It is worth sometimes to revisit the passages copied out for placement in a gathering of commonplaces. For example this snippet from the C.K. Scott Moncrieff translation of Cities of the Plain "The Heart's Intermissions" seems a tad melancholic:

The images selected by memory are as arbitrary, as narrow, as intangible as those which imagination had formed and reality has destroyed.

I wonder why I had selected the quotation with that terminus in mind, why I had dwelt upon the link between arbitrariness and destruction, as if necessity were otherwise.

The paragraph continues:

There is no reason why, exisitng outside ourselves, a real place should conform to the pictures of our memory rather than to those in our dreams. And besides, a fresh reality will perhaps make us forget, detest even, the desires that led us forth upon our journey.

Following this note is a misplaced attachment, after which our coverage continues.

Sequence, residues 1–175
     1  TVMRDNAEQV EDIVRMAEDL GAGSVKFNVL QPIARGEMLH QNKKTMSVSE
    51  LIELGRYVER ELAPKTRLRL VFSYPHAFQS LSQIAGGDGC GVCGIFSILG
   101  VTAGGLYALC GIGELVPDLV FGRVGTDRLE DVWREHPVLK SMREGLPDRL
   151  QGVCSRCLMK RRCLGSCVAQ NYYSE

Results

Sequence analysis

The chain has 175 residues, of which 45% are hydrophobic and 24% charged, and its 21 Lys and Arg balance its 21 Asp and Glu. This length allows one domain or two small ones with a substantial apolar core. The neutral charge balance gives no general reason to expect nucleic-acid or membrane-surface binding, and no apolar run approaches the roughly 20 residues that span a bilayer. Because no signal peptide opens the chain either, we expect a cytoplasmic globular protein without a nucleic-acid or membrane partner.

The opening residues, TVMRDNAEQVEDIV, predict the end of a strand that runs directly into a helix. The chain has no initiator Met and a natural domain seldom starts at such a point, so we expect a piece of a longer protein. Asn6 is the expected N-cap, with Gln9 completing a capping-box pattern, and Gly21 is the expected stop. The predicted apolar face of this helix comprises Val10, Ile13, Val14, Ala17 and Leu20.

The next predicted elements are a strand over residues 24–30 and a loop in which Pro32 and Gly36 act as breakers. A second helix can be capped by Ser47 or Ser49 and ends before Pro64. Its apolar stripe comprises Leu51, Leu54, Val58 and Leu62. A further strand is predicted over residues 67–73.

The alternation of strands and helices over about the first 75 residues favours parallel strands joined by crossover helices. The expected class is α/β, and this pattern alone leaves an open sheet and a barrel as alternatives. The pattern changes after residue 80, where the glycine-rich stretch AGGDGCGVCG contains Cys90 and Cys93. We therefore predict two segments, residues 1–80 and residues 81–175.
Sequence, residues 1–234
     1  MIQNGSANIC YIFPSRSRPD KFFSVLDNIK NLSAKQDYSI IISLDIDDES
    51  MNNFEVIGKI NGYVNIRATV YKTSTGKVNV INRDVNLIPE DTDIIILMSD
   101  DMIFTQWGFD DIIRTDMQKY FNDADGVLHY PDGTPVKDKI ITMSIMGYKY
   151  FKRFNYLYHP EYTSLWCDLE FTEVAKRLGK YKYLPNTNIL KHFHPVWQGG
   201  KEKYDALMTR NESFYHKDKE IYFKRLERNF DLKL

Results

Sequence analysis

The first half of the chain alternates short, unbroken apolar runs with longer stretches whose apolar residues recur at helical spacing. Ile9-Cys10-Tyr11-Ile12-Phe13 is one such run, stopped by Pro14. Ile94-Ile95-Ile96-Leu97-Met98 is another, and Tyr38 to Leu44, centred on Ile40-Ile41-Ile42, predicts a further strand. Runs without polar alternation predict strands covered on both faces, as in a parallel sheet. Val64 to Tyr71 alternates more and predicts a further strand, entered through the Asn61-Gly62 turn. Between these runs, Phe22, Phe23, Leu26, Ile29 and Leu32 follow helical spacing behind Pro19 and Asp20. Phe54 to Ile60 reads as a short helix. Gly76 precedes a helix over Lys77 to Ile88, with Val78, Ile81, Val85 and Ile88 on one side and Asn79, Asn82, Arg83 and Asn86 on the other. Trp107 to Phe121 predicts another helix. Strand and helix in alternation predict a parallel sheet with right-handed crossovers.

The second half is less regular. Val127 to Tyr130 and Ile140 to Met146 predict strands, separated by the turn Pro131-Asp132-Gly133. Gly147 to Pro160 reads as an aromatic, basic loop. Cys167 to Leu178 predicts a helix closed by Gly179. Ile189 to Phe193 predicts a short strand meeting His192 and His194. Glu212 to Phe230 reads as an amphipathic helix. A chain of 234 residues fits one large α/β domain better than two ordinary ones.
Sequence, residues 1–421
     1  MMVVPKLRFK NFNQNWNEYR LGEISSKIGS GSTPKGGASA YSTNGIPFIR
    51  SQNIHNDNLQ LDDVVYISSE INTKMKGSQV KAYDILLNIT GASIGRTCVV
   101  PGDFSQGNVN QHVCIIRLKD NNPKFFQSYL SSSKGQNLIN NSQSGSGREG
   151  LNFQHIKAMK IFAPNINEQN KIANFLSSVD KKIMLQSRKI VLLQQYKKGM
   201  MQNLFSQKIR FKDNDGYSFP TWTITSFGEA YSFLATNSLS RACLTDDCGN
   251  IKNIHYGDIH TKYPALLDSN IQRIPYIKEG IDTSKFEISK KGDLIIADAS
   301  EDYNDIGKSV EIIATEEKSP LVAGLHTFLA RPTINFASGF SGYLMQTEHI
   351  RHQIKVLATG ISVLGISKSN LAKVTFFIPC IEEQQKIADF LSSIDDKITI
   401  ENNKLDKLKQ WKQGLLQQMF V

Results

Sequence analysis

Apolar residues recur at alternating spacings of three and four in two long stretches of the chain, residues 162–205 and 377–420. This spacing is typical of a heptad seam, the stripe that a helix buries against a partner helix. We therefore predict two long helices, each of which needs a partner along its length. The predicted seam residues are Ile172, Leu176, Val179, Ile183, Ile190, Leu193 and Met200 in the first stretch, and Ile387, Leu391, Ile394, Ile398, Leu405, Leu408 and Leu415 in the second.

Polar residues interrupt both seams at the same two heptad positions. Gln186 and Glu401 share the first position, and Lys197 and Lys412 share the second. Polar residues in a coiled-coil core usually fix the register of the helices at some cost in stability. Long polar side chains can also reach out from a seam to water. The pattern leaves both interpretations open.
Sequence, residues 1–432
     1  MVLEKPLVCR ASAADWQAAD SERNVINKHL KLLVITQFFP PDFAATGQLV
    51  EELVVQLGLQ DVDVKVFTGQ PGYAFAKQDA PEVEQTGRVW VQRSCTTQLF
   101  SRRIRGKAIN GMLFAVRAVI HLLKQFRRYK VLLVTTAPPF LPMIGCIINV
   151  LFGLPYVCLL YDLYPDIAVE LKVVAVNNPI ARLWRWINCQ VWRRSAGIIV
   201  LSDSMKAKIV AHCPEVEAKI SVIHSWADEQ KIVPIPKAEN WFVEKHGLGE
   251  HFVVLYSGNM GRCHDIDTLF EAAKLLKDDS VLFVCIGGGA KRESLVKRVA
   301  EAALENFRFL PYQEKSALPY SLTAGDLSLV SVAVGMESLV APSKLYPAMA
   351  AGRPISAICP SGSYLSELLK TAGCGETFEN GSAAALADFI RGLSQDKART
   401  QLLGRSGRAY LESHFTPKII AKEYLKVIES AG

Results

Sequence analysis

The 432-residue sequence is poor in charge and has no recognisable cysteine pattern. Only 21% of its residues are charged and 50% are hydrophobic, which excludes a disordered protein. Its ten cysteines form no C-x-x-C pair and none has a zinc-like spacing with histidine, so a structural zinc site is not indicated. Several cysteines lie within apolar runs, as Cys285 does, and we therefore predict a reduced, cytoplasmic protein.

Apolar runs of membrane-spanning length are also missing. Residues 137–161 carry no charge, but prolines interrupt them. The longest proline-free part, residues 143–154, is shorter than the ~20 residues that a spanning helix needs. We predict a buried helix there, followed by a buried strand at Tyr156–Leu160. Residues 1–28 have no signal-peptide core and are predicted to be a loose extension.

Proust’s narrator is refecting upon a second arrival at Balbec; I as a reader am stationary, a point vis-a-vis the panorama of the narration. The journey is not mine and hence easy to see afresh and remember the difference between destruction and annihilation. Those destroyed memories are still there however much their valence shifted, however much their correspondence is belied. Their destruction is out of time just as the after-image is through time.

And so for day 148